…she said to herself sarcastically. “I’m gonna be really cool because I don’t know what the hell these people are doing. They started pulling and a man raised up, and something clicked in me.” Crimson explained. “I didn’t know what it was. But I knew that I had to go to the desert.” Footage from the prior year continued to beckon her to visit. Seeing a man in the film breath the fire that ignited the effigy was enough to inspire the trip.
Igniting the effigy, from the magickal cauldron called El Diabla. Inside the pentagram and the 0.666% circle.
“I always felt like I was sort of a freak. You know, that I never fit in. Not with my family. Not with the school. And all of a sudden I felt like I was among my family in the desert.”
Yep, that’s the marketing pitch. Play to the social element, give the reason why all the freaks should buy tickets to this transformational festival. They don’t have to look beautiful and glamorous and cool like the people at other festivals. But maybe once they spend $400 and brainwash themselves at the self-service cult, they will walk away feeling Burnier-Than-Those People.
Back to the occult bits:
At the center of her magnetic attraction this new subculture was this effigy, over which Crimson grew protective. In one of her first encounters with it, “one of the very first things I did is I had these 16-foot-wide silk wings that I wore as I climbed the Man.” People were astonished to look up and see what looked like a fairy climbing to the top of the figure’s shoulder. “I felt like that at that point, I was the protector for the Man. If the man was going to be released we had to do it in the best way that we could, so that year I got a chance to actually help set him on fire.” For the first time, the magic of dance kicked off the legendary ceremony.
Dance, magic dance.
We must all worship the fire. Like Druids.
Despite an urge to push the envelope every year, rules now exist with a sort of informal reverence for the Great Circle. The fire is hallowed and respected
…Fire dancing at Burning Man spawned greater mysticism and creative energy, along with an appreciation for the accompanying rituals and traditions from which fire dancing came.“Spawning greater mysticism” is presented here as a positive. Is this black magick, or white magick? It happens at night in a pentagram with people wearing devil horns and a fire lit from a cauldron named El Diabla; the corporation they started around it chose to launch with Helco parties where they got a lawyer to draw up contracts for people to sell their souls to the Devil. It seems pretty obvious to me which side we’re talking about, but your mileage may vary.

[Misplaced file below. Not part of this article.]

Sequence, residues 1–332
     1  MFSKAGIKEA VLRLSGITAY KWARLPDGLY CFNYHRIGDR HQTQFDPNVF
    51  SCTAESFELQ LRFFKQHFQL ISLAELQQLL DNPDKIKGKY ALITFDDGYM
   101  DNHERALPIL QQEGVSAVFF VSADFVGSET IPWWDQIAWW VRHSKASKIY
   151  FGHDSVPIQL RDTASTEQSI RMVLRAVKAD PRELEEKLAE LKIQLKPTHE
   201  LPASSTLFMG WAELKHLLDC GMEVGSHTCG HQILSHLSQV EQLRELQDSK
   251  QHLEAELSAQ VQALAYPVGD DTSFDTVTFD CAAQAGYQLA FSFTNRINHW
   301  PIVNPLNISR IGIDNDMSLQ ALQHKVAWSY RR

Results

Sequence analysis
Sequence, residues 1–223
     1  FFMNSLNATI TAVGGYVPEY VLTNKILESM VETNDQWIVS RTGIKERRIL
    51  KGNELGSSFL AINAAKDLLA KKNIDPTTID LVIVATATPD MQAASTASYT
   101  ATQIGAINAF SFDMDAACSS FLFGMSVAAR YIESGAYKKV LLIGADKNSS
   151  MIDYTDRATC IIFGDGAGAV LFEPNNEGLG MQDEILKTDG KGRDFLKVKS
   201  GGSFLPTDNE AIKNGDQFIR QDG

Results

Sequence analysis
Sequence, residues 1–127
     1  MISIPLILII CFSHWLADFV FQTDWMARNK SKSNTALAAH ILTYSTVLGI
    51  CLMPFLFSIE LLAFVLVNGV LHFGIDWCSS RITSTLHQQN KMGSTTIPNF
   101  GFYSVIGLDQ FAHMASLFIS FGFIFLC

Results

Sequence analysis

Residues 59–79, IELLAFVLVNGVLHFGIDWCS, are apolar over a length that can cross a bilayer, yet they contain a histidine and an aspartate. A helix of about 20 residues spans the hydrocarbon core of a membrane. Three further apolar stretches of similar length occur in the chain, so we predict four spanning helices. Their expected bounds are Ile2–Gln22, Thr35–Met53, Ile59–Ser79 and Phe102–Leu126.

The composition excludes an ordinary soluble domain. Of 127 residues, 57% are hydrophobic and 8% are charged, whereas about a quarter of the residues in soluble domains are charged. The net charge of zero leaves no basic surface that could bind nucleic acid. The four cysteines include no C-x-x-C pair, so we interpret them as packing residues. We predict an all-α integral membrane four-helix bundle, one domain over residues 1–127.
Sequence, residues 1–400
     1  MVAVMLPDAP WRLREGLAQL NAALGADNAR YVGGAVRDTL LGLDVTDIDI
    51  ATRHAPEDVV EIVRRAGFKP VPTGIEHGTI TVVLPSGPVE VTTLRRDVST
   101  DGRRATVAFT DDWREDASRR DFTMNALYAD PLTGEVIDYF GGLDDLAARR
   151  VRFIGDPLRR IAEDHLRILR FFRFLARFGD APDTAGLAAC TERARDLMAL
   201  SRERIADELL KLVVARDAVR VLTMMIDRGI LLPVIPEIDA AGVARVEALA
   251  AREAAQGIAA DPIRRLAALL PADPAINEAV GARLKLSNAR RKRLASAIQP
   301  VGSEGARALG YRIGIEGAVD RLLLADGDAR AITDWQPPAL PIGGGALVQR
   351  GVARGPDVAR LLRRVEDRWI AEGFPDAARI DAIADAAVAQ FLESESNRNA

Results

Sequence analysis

The suggestion that Crimson Rose invented incorporating fire dancing in sacred rituals at Burning Man in 1991 is ridiculous, as anyone who has been to a South Pacific island could tell you.
Back to the sales pitch:
One of the great joys of Burning Man is that it provides a space for us to go and learn about one another and ourselves through such rituals. Those who travel to the playa often report feeling more distant from what is familiar. Many, like Crimson Rose, find deeper connection. This will be her 24th Burn on the playa, and she told me, “Every time I go I feel I’m coming back to a place I’ve always been. You know, it sort of reminds me of home.” [Source: Fest300]Even in the sales pitch there are quite strong occult and psychological elements.
I’m not sure how things could be made more clear to you, people. This is one of the Founders of Burning Man laying out for you specifically what goes on, what she was recruited into the organization to add to their Project.
An occult black magick ritual ceremony of fire dance. It’s more than just a rave in the desert…
We have published quite a few articles on the spiritual and occult side of Burning Man in the past. We have a lot of new readers now who probably have never seen some of our earlier work, I would encourage you to check these out: and think for yourself.
Finding Jesus at Burning Man – a Christian perspective
Hidden Dangers of the Rainbow – Paganism, Wicca, Druids, Lucifer
Ghost Trancing on Sacred Lands – Native American
Burner Principles vs the 10 Native American Commandments – Native American
Burner Fundamentalism – Burning Man’s own religion
Looking for the Next Evolutionary Step – Buddhism and consciousness